Will the iPad kill netbooks? Not in this lifetime

Reports of the death of netbooks at the hands of the iPad are not merely premature and exaggerated --- they're flat-out wrong. Netbook sales will continue to dwarf those of the iPad, with an estimated 60 million netbooks to be sold annually by 2013.

Wall Street analyst Katy Huberty of Morgan Stanley claims that iPad sales are gobbling up netbook sales. As evidence, she says that the growth of netbook sales slowed after last summer. The Fortune Apple 2.0 blog says this about netbook sales, based on Huberty's information:

...sales growth of these low-cost, low-powered computing devices peaked last summer at an astonishing 641% year-over-year growth rate. It fell off a cliff in January and shrank again in April --- collateral damage, according to Huberty, from the January introduction and April launch of the iPad.

It makes for a nice story, if only it were true. But it's not. First off, IDC is forecasting substantial growth in what it calls the mininotebook market, essentially netbooks. It says that there will be 45.6 million of them sold in 2011 and 60.3 million in 2013. That doesn't sound like the death of a product category to me.

In addition, Stephen Baker, analyst with the NPD Group, doesn't see the iPad killing netbooks. He points out that the rate of growth of netbooks is slowing, but total unit sales are still way up. Here's what he told Computerworld:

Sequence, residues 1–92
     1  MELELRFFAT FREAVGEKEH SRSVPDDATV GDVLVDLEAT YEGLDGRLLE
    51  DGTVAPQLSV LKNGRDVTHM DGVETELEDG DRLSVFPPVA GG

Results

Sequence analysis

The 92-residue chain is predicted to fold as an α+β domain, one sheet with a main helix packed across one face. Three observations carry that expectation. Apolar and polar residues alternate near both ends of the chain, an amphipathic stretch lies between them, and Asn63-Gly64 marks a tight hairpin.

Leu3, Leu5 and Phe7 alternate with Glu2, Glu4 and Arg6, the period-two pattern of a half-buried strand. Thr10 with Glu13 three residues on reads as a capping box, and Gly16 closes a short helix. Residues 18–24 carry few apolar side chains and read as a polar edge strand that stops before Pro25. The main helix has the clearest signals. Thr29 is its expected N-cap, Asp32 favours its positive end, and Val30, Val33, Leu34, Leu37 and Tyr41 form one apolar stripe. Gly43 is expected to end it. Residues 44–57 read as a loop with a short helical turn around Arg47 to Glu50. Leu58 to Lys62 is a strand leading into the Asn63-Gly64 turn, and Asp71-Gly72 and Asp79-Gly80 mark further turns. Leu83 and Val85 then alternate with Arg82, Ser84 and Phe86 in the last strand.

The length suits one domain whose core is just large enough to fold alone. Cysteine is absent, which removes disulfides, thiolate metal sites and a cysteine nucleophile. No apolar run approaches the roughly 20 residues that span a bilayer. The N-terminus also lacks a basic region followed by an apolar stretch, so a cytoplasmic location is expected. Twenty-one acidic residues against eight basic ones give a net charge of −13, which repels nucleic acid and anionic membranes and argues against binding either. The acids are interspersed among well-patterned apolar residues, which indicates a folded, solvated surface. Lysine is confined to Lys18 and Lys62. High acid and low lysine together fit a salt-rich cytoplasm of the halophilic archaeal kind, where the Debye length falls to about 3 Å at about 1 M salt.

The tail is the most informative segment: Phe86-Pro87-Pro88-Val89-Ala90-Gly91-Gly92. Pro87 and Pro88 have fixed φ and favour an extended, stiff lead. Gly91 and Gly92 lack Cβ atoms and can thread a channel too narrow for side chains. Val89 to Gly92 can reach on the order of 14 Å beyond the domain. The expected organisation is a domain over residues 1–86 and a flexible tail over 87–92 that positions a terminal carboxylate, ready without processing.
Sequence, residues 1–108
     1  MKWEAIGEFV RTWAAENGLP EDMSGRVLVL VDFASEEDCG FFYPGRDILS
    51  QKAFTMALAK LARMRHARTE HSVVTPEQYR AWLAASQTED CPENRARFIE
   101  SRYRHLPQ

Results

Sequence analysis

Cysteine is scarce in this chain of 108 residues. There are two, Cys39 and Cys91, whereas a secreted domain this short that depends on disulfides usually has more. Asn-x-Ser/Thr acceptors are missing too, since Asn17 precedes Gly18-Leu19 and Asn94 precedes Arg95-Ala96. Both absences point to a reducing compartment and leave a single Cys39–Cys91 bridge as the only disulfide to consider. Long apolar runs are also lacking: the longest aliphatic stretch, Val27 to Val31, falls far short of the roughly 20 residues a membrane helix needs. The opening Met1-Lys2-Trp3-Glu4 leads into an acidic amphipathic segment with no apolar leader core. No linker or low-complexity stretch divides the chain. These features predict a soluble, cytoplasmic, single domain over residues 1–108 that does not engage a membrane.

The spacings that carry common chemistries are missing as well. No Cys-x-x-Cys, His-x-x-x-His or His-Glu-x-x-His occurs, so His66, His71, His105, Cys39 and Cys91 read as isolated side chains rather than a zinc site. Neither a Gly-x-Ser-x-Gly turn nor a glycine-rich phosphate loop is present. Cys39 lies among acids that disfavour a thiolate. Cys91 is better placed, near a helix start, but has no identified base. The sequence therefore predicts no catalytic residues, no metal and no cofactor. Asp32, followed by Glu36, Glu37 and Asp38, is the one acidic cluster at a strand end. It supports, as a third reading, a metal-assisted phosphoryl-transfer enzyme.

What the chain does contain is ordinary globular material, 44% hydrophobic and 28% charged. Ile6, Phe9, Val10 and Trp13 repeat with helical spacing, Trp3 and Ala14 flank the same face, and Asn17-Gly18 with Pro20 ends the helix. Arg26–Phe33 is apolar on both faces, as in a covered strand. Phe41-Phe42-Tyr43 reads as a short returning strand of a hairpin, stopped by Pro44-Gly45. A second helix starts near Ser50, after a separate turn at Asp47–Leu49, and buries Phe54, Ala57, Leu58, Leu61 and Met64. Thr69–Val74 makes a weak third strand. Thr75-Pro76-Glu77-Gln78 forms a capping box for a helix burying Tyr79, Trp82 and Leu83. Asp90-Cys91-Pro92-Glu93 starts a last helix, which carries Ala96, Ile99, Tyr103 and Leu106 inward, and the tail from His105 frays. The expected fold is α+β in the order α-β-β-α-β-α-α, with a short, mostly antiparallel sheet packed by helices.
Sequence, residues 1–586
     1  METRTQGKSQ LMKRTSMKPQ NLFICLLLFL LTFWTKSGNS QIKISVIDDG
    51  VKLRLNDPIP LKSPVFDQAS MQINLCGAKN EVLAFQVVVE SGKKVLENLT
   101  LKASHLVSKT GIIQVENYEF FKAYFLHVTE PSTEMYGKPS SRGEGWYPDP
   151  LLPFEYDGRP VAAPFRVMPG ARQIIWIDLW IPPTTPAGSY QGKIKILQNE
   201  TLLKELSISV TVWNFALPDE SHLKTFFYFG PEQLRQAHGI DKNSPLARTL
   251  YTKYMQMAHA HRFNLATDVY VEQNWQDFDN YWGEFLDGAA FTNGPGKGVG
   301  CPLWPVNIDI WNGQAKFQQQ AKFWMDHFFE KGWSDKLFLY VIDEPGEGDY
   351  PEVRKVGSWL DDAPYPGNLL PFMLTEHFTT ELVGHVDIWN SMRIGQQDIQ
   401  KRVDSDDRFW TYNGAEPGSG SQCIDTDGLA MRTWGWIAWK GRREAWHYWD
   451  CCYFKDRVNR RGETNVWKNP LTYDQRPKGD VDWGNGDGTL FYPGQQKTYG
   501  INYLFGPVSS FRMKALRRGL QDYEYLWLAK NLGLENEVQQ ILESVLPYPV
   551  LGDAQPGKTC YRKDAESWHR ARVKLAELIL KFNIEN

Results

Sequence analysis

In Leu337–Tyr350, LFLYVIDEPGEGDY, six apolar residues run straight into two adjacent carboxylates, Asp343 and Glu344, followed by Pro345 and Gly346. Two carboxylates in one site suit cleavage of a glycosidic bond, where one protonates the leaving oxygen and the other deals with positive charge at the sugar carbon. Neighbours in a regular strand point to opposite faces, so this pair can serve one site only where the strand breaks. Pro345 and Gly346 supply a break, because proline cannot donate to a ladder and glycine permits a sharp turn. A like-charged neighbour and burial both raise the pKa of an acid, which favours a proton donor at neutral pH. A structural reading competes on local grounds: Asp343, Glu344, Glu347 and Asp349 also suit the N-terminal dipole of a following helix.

"Certainly the growth rate is coming down. But that's logical. In 2009, netbook sales were a growth story against nothing (in the year before). So it's really a matter of where we are in the development of the product. I'd say it's very difficult at this stage to attribute declining growth of netbooks to the iPad."

In addition, he says that some of the decline in growth is due not to the iPad, but to low-cost, fully featured notebooks which run Windows. Here's what Computerworld says:

Rather than credit the iPad for the cooling of netbook sales, Baker gave a nod to slightly-more expensive notebooks running Windows. The sub-$500 notebook category now outsells netbooks.

"The development of the under-$500 notebook market is the biggest story of 2009 and early 2010," said Baker. "For a little more money, sometimes just $50 or so, consumers can buy a full notebook with a full-sized keyboard, a 15-in., sometimes a 17.-in. screen, with higher resolution [than a netbook]. That's how the notebook makers have kept things from dropping into the very bottom of the market."

So the iPad may be popular, but its sales will continue to be dwarfed by netbooks and under-$500 Windows notebooks.

Related Opinion

Mike Elgan: Netbooks? Ha! iPads will replace desktop PCs

See also Computerworld's Complete iPad Coverage

Copyright © 2010 IDG Communications, Inc.

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